Our son, Ron, died on December 25, 2015, Christmas morning. Tuesday, December 26, 2017, was Day 1 of Year 3. That Christmas Eve and Christmas morning of 2015 run through my mind like an old newsreel. I am at once remembering everything I did, every conversation I had that Christmas Eve, while simultaneously imagining every step Ron was taking in planning to end his life. I contrast my Christmas Eve joy to his Christmas Eve sorrow, my Christmas morning happiness to his Christmas morning resignation of his fate and ultimately his death.
When your child dies, they take an almost unnatural place in the heart and the psyche of the parents. Perhaps the shock and pain of a sudden, tragic death exacerbates the intensity of the sorrow, which may seem to border on obsession at times. What is the way forward? Is true healing even possible? We love our other children and grandchildren very dearly. We love the place they hold in our lives. But the one whose death was so sudden and crushing has, at once, opened a hole in our hearts and our lives while, at the same time, taking up more spiritual, emotional and psychic space than the others.
As to our other children and grandchildren, not one day goes by that we don’t talk about them, laugh about them, wonder or worry about them. While they make us laugh, confuse or baffle us, their lives are their own and we are happy to bless them in that. We treasure each one and we are grateful for any real conversation with them, especially in those precious times when they open their hearts and their lives to us.
Our child who left us, however, has in some ways become a mystery to us. The one we thought we knew best, we knew least when it mattered the most. The one who lived with awareness of our day-to-day life, loved us deeply, the one so often at our side, the one we thought would accompany us on our journey to the end of our lives, is the one who left us behind, confused and grieving.
My grief therapist asked what I hope to be the outcome of my therapy. I told her that I hope to carry my grief a bit more lightly on my heart. Even as I said that, I was not sure exactly what I meant. Will healing mean that tears will no longer spring to my eyes at the small cruelties that people so carelessly inflict on one another? There are so many cruelties, large and small, I never really observed until I lost Ron.
My grief has made me far more vulnerable than I ever expected or wanted to be. At the same time, I don’t think I want to return to being less vulnerable. I have a deepened awareness now of the pain inside others that I never had before and feel empathy for people others hate and think are monsters. Such vulnerability sometimes makes me dizzy.
On Christmas morning this year, Tom and I, along with Ron’s brother, Joe and our priest friend, Tim, provided a joyous celebration for people who suffer from traumatic brain injury. We arrived there at exactly 9:30 AM. In my Ron timeline, that was the moment I believe he crossed into his next life. In that very moment I was being greeted with welcoming hugs and the brightest smiles imaginable. There was no time for me to run my newsreel of the events of two years ago. During the service we told our little congregation that Joe’s brother, Ron, died two years ago this very morning. With these folks, their emotional and psychological makeup only allows for love and empathy and they overflow with both. In return, that is what they call forth from us. Their generous outpouring of love deeply touched our hearts on Christmas morning of 2017 and Jesus was born among us, right in that otherwise institutional setting.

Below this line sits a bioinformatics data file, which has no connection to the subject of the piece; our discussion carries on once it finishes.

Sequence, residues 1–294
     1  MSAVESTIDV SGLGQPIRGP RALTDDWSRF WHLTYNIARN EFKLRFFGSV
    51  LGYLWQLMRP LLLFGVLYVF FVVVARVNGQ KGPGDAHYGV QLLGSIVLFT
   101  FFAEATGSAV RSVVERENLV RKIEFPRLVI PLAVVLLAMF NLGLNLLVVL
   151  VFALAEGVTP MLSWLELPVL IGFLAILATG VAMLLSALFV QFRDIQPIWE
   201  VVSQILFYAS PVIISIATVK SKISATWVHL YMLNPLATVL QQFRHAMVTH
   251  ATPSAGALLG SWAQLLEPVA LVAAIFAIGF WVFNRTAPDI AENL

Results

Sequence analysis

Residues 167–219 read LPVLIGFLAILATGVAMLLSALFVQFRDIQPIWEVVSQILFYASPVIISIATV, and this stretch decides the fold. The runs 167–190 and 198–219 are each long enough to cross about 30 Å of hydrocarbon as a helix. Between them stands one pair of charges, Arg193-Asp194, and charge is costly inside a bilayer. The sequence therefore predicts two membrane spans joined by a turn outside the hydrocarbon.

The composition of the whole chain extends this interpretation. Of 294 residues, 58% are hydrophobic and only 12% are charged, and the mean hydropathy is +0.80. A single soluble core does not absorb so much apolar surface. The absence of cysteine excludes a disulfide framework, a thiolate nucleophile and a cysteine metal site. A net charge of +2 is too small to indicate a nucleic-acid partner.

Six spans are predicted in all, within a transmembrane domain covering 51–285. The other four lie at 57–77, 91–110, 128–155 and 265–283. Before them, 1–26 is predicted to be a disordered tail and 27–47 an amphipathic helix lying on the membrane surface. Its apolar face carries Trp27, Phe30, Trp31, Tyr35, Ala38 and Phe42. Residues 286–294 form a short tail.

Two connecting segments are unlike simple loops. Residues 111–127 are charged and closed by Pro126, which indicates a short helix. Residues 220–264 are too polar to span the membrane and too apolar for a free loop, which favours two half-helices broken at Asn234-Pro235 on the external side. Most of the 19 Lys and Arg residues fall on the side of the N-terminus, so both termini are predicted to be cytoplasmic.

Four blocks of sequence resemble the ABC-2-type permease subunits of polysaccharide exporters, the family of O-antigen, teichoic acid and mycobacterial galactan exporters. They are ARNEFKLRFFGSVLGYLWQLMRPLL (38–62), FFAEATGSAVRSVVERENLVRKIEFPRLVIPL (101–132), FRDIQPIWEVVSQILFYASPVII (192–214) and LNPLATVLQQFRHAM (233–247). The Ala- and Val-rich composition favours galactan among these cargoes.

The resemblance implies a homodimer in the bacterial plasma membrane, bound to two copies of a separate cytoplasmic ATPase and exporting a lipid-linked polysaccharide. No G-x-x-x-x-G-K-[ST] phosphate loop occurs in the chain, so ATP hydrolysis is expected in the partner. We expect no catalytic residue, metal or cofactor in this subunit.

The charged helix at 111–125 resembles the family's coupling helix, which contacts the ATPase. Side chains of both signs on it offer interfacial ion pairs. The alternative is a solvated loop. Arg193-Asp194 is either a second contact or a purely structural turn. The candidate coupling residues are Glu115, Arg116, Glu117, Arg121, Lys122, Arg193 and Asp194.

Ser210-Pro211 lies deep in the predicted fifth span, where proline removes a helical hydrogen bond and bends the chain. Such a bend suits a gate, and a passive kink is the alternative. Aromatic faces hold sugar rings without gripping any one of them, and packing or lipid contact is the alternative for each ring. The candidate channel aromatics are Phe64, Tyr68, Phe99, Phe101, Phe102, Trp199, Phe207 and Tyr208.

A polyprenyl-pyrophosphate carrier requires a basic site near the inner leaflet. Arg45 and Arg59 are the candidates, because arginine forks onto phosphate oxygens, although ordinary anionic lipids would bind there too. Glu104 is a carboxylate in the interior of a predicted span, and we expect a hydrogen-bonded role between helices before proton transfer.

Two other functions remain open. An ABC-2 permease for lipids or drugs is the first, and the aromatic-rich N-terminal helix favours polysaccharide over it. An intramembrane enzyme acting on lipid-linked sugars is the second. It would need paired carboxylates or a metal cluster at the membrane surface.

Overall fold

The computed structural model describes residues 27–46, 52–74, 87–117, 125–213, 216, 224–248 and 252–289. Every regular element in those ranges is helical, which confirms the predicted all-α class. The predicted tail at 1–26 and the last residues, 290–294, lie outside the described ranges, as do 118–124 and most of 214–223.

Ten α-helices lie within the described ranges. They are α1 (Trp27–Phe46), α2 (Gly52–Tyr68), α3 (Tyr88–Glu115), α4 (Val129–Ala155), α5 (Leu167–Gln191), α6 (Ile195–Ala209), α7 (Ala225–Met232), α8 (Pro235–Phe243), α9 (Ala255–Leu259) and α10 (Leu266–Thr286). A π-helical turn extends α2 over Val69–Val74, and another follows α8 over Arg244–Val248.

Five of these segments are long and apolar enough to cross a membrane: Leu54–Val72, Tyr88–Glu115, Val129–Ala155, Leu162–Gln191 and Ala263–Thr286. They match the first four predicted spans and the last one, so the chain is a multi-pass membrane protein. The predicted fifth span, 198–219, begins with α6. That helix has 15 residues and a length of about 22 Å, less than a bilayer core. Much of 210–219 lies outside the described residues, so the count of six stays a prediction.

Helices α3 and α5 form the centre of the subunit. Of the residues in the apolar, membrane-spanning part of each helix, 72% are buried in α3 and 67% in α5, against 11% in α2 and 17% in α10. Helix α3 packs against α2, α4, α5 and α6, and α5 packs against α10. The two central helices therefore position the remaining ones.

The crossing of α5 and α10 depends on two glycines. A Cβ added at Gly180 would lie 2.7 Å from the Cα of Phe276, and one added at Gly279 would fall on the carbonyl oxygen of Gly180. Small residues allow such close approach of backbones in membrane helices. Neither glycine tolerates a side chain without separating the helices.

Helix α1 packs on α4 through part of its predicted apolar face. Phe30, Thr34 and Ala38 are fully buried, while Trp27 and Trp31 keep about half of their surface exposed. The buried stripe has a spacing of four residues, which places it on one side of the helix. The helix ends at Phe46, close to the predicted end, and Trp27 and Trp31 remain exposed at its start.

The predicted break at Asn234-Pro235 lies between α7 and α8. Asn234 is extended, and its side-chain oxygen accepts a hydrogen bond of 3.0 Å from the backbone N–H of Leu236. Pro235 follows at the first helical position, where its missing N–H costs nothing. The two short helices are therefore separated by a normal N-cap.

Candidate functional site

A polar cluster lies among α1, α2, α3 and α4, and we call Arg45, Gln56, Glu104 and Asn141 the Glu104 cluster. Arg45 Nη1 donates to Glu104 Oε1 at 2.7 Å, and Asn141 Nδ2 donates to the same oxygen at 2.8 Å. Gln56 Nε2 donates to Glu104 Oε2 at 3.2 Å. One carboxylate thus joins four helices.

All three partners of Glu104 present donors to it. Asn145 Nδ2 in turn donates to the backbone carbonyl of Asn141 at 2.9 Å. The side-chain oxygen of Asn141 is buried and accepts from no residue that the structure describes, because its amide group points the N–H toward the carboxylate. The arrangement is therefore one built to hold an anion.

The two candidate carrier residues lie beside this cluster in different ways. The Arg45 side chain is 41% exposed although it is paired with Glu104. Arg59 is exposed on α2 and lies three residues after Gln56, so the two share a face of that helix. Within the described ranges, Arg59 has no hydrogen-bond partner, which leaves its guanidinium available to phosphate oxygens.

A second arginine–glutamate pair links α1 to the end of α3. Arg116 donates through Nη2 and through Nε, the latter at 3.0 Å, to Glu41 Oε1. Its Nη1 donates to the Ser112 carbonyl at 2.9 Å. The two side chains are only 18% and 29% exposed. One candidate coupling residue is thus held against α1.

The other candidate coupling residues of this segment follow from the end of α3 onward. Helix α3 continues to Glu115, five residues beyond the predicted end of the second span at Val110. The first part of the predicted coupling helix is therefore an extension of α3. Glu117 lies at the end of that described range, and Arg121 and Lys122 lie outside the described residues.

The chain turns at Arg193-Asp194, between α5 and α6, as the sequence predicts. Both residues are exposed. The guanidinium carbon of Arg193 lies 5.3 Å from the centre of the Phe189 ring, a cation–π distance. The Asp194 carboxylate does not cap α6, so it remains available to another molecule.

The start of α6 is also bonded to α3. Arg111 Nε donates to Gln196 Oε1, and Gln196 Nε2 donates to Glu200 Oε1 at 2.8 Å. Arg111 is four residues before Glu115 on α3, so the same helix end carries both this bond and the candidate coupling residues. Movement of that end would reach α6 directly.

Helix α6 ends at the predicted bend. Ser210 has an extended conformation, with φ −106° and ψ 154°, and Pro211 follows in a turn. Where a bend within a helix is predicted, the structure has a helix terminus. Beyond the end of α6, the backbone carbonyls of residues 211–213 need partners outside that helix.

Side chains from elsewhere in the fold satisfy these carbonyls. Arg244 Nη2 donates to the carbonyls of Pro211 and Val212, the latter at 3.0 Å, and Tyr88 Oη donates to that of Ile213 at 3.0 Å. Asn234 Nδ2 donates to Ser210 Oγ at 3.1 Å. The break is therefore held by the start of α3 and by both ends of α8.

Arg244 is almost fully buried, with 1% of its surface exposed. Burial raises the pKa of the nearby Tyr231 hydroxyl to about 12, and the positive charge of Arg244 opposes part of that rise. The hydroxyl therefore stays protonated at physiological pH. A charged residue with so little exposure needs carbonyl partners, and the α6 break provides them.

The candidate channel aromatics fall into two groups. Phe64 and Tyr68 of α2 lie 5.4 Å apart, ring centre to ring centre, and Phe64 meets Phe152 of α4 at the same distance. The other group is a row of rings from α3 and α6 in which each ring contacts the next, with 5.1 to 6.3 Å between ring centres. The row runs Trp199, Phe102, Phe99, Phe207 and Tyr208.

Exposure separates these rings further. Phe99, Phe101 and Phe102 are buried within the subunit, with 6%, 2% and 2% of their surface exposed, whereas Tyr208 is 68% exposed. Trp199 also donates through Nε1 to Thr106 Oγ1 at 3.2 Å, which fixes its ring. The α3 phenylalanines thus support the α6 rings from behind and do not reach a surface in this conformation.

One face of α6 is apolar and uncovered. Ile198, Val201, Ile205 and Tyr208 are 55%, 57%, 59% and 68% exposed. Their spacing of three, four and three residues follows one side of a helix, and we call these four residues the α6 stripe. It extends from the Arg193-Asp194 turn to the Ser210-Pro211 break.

My niece, Shannon, wrote in a Christmas card that Ron is even closer to us in these days because he knows we need him the most. How deeply profound and comforting I found that. As we shared our Christmas morning service with our sweet friends, telling the story of the shepherds and the angels, singing the Glorias and weeping during Silent Night, Ron stood there in our midst in some way we cannot possibly understand. But he was there with us.
The prayer that is in my heart and on my lips every day since Ron left is this: “God, help me. I am brokenhearted. I don’t know how to do this.” In the days before Christmas, my sister, Patricia, who knows me inside and out, posted this for my benefit: Do not be dismayed by the brokenness of the world. All things break and all things can be mended. Not with time, as they say, but with intention. So go, love intentionally, extravagantly, unconditionally. The broken world waits in darkness for the light that is you. L.R. Knost, Author:
When I say, “I don’t know how to do this” I suppose the answer is that there is no way to do this but to do it – step by step, day by day, never denying my grief or the pain of others but, with love and intention, finding some way to transform it. Then, with God’s grace and the love that Ron had for us in this life and has for us now, healing will come when it will and as it will, to us, Ron’s parents for always.